By actively cultivating weak links, we open ourselves up to a world of possibilities.

These casual connections, found at industry conferences, through professional groups, online forums, and platforms like LinkedIn and The Nonprofit Hive, bring invaluable diversity of thought and access to new opportunities. They are the breath of fresh air that prevents our work from becoming an echo chamber.

In our sector, where the demand for innovative solutions and fresh funding opportunities is constant, weak links serve as bridges to new worlds. They offer insights and resources that can transform our approach to social impact work. More importantly, they provide a network of cheerleaders who, while not deeply embedded in our daily lives, are ready to offer support and open doors when we need them most.

So, let’s embrace the hidden superpower of weak links. Let’s step out of our comfort zones, reach beyond our immediate circles, and build a more connected, resilient, and innovative nonprofit community. By doing so, we not only enhance our own professional growth but also drive the broader social change we are all committed to achieving.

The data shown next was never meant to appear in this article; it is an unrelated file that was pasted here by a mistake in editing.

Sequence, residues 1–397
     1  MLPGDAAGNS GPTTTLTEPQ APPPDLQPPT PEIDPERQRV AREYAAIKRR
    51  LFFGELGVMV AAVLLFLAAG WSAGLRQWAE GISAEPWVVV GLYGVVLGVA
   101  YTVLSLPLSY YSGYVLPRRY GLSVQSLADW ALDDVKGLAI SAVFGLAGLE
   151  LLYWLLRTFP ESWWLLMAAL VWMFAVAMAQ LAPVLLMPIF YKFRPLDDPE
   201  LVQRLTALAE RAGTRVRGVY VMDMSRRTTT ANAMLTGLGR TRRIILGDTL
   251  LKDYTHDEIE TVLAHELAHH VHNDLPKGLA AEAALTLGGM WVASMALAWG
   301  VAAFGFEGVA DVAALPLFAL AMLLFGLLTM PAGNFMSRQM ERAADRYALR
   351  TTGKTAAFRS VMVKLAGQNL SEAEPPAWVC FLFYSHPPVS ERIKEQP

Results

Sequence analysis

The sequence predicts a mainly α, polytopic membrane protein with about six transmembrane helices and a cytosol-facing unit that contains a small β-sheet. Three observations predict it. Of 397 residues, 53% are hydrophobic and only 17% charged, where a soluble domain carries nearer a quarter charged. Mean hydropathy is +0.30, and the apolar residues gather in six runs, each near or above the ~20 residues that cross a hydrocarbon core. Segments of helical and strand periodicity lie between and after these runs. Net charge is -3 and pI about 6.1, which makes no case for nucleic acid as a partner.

Remember, the next great idea, opportunity, or collaborator might just be a weak link away.

Haven’t joined The Nonprofit Hive yet? You are missing out! Join today 🐝

Tasha Van Vlack is the co-founder of The Nonprofit Hive. Her happy place is building community, talking nonprofit work/marketing/parenting and meeting new people,
Being a cheerleader for nonprofiteers is where Tasha has found her niche – she hopes that by providing a space for connection, nonprofit work will become more collaborative and supportive.